wire

Steel and aluminum boatbuilding. See: "Boatbuilding Methods", in left-hand column of the Home page, for information about alloys.

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mwga
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wire

Postby mwga » Wed Apr 01, 2009 6:53 pm

For welding 5052 do you use 4043 or 5356 mig wire?

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Cec
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Re: wire

Postby Cec » Fri Apr 03, 2009 9:24 am

Some mornings it just doesn't seem worth it to gnaw through the leather straps.

mcmbuilder
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Re: wire

Postby mcmbuilder » Sat May 02, 2009 2:15 pm

You can use either one for 5052. However if your boat is a saltwater boat I would use the 5356, a little better on the corrosion properties. DO NOT MIX THE ALLOYS in other words do not use 4043 over 5356 or vis-versa.

Kevin Morin
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Welding wire alloys for Marine Alloys

Postby Kevin Morin » Sun Jun 10, 2018 2:38 pm

Got an email from someone asking about this topic, so I'm bumping it (here)to make this discussion more current.

The question is; can 4043 wire/filler be used on 5052 alloy aluminum? The answer (solely my opinion after 30k hours looking at the aluminum arc) is avoid 4043 at all costs- in all conditions, for all alloys. Yes, 4043 will join 6061 or 6063 alloys 'fairly well' but.... the fact remains that 4043 alloy requires an extremely well 'diluted' puddle to obtain the results shown on many manufacturers' performance tables.

Fact; if you don't get 'good' or deep arc penetration, with greater than 70% dilution or 'mixing' of the 4043 filler alloy with the parent metal: your weld will not stand a min. break bend test. (if you don't know what that test is- and don't regularly perform these tests on your own welds: you should not be welding on aluminum joints where "life and limb" may be dependent.)

Fact; 4043 has a huge silicone percentage of alloy- silicone reduces the 'as-welded' strength of ANY joint where it is present over other alloys' contributions to durability, hardness, strength and flexibility.

Fact; 4043 should NEVER be used on 50 series marine alloys- only on 60 series and then only if the joint will not be loaded at or near the original parent material's mechanical properties.

5356 alloy is the correct alloy for all 5000 series and all 6000 series alloys and if the work is on a boat this is the only alloy to give consistent, high strength and bend test proof joints. (there could be some discussion about 5083 being joined with other alloys but I'm not addressing that here)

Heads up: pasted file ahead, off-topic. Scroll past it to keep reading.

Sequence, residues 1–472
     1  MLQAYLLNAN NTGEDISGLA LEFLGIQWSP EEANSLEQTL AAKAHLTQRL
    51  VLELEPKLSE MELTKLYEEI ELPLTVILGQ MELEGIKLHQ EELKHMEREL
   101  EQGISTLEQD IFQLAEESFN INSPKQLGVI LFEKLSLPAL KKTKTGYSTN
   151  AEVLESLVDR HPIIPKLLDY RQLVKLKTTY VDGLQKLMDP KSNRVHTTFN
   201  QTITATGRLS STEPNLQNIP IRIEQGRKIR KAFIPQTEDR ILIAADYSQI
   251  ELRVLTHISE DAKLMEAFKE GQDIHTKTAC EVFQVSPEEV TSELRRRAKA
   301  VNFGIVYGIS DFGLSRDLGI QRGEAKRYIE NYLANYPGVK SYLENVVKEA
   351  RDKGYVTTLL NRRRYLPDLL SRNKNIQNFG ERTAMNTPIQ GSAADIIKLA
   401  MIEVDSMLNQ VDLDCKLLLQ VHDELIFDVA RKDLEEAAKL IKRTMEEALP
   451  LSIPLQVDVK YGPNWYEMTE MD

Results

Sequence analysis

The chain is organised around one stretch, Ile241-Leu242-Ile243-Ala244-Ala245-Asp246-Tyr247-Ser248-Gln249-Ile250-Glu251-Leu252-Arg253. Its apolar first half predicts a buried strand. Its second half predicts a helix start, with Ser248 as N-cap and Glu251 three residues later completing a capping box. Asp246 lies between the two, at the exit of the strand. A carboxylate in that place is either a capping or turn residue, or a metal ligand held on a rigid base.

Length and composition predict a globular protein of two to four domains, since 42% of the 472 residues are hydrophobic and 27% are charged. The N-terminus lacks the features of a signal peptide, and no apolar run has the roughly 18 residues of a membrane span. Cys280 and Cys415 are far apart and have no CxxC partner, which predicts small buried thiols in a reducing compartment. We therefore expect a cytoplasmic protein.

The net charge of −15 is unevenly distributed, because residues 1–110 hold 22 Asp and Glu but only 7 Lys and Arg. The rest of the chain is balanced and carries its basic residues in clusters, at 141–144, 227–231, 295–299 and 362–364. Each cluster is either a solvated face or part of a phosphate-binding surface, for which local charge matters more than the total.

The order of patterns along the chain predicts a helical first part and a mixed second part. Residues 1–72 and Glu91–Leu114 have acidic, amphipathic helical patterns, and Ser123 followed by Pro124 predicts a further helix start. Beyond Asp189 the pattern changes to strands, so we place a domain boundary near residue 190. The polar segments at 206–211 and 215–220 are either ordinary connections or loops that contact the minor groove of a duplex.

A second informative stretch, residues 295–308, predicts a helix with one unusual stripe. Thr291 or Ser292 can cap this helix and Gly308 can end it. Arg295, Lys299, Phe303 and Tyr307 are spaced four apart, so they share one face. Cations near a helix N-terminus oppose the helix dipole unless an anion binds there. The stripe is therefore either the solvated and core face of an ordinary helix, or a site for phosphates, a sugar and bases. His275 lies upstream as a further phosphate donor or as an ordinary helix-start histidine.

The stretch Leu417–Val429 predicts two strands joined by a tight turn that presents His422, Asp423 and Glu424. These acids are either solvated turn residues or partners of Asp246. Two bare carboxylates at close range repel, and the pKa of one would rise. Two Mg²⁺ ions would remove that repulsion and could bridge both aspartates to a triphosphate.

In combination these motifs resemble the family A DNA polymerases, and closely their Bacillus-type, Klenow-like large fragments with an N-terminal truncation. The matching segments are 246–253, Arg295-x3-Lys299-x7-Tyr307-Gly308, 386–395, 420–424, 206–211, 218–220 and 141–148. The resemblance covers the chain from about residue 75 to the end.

I have not used the newer 4943 alloy, that is now beginning to be accepted more widely. However, until a welder conducts full bend break testing on ANY alloy, with their power supply, feeder, over different joints- no one can say "one wire does all". On the other hand; I'll say NEVER use any 4043 alloy on a boat- for any reason: EVer!!

sorry not to reply to my email, I mentioned I'd go on record here with a reply, hope you find this topic and my emphatic statement about welding filler alloys?

Cheers,
Kevin Morin
Kenai, AK
Kevin Morin

Yofish
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Re: wire

Postby Yofish » Wed Jul 04, 2018 10:29 pm

New kid on the block here but not new to AL welding. I'm here tonight because of a wonderful thread I ran into while doing some research. That wonderful thread was by Professor Morin on this site. Without going into that, I have something to add re 4943 wire.

Though I love it for certain uses (like above water cabins) I can say that my home-spun destructive bench tests have been rather disappointing. I've had occasion to build fuel tanks that are not large (40-60 gals) and mig them, always with 5356. Being smallish, they are for the most part outside corner with two broken 'halves' clamshelled. I've never had a problem with this method, no failures, etc. In WANTING this new wire to be miraculous, I still did tests and found it not to be a hell of a lot better than 4043. But is, alas only somewhat. Doing some tests of outside corners by smashing 2"x 2" angles cut from prime territory on a longer run, they ALL failed with the same CLINK-SNAP at a certain blow (or vise smash)velocity. Pretty much like 4043, and very un-much like 5356. The result is I'd never use it on a tank that gets sloshed, nor would I ever build the hull of a sea boat with it. Though it does not seem to suffer hydrogen porosity as 5356 (can) does, that dark grey fracture zone looks as sound a slate.

The primary reason I was attracted to it was the purported greater strength along with this, in my mind, I added much less smut factor therefore all be good! Not, except the smut. Now having said all this, 4943 does have some qualities...

Kevin Morin
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Re: wire

Postby Kevin Morin » Thu Jul 05, 2018 8:22 am

Yofish,
I've posted the longer building technique threads here because the site is home to mostly home-builders who might benefit from a "How To" thread? Unfortunately, not a large number of this Forum's readers and participants build in the Miracle Metal, like we do, so I also wanted to encourage those who might be persuaded that there are some simpler methods of doing a welded metal build- manually.

I'm getting ready to bump a couple of those longer threads in the (hopefully) near future with some updates.